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Arnold reminds us to pay careful attention to assumptions in order to produce effective argumentative writing.by Arnold Wentzel PART 1: UNDERSTANDING THE LITERATURE REVIEW AS ARGUMENTS SUPPORTING THE RESEARCH QUESTION The label ‘literature review’ is a misnomer which sometimes leads thesis writers to produce unfocused and badly written literature review chapters.This post begins a series of four that untangles the purpose of working with literature.
You should ask a question about an issue that you are genuinely curious and/or passionate about.
The question you ask should be developed for the discipline you are studying.
If your topic is too narrow, you may not be able to find enough information to include in your literature review.
It is often helpful to start with a broad idea, then narrow your focus by brainstorming related ideas.
Your research question should be clear, focused, and complex enough to allow for adequate research and analysis.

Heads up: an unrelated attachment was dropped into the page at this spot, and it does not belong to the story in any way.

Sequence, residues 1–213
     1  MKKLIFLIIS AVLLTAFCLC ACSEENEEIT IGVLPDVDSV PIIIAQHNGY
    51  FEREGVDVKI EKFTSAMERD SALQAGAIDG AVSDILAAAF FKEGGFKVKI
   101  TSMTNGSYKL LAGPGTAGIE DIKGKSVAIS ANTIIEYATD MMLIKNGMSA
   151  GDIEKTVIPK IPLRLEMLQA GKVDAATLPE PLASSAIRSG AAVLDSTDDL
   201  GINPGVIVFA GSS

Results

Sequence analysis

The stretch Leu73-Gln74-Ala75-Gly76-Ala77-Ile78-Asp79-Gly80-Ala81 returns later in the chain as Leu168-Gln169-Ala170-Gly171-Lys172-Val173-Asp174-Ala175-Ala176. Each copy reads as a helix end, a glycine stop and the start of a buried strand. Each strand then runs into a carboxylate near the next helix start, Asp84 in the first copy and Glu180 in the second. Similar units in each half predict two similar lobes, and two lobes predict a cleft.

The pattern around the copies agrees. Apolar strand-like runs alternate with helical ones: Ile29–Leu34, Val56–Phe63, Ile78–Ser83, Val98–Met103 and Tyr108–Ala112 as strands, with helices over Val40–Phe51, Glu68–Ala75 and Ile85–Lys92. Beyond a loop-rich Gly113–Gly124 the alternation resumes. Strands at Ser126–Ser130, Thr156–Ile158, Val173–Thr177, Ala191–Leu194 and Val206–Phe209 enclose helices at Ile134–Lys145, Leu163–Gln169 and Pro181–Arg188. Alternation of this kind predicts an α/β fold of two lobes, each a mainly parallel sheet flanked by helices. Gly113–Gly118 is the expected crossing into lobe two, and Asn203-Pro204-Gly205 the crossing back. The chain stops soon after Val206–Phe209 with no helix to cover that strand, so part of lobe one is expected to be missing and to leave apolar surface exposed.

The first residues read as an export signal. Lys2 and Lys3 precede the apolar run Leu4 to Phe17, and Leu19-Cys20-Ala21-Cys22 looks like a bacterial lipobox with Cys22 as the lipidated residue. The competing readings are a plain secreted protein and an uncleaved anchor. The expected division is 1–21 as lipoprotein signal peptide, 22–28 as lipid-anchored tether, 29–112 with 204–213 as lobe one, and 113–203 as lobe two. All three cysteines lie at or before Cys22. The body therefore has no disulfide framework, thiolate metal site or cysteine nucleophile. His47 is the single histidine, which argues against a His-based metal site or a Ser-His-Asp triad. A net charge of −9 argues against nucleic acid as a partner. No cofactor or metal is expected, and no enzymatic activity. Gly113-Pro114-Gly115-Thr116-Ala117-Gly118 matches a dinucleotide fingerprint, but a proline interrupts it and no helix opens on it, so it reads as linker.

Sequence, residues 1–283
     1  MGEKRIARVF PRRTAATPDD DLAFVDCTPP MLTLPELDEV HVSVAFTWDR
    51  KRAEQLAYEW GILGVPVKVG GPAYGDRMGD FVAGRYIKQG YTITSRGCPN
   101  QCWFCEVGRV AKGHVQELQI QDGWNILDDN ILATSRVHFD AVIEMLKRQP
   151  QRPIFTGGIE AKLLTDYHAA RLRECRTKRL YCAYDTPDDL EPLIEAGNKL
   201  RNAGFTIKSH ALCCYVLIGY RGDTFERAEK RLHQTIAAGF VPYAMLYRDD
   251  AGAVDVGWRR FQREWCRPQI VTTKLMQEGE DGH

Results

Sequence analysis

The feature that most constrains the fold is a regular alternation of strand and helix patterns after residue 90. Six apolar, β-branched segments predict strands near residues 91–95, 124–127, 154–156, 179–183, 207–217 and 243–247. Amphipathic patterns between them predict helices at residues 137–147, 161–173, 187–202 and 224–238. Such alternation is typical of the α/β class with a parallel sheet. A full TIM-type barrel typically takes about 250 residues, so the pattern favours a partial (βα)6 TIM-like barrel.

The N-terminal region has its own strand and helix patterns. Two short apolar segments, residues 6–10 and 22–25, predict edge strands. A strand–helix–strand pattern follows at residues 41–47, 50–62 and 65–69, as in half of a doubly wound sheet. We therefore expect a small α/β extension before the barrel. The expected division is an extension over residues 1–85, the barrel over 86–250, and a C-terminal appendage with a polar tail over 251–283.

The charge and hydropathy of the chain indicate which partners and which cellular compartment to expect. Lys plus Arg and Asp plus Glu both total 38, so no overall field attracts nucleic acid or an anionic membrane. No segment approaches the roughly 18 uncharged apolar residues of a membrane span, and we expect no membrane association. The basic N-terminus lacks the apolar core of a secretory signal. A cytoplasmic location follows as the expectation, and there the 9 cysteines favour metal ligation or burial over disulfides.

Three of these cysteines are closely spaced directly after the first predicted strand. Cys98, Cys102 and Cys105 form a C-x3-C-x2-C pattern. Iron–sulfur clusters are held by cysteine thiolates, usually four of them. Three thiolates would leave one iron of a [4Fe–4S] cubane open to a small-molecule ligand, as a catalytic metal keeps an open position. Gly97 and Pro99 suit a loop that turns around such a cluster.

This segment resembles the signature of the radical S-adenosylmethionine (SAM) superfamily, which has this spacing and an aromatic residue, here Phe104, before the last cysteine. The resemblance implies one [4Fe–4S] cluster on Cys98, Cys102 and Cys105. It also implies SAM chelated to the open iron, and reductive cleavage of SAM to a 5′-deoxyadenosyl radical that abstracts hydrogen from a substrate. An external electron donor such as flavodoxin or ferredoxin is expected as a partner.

Most importantly, your research question should be interesting to you - you'll be spending a great deal of time researching and writing so you should be eager to learn more about it.The focused version narrows down to a specific effect of global warming (glacial melting), a specific place (Antarctica), and a specific animal that is affected (penguins).It also requires the writer to take a stance on which effect has the greatest impact on the affected animal.A strong research question should never leave room for ambiguity or interpretation.Unfocused: The unfocused research question is so broad that it couldn’t be adequately answered in a book-length piece, let alone a standard college-level paper." A good research question is manageable in scope - not too broad, but not too narrow.If your topic is too broad, you may become overwhelmed and find it difficult to organize your ideas.Arnold Wentzel teaches economics, teaching methodology in business, and also research writing skills across social science disciplines at the University of Johannesburg.This is the first in a four-part series in which he explains his way of approaching the literature review.It also assumes that this “harm” is proven and/or accepted.The clearer version specifies sites (My Space and Facebook), the type of potential harm (privacy issues), and who may be experiencing that harm (users).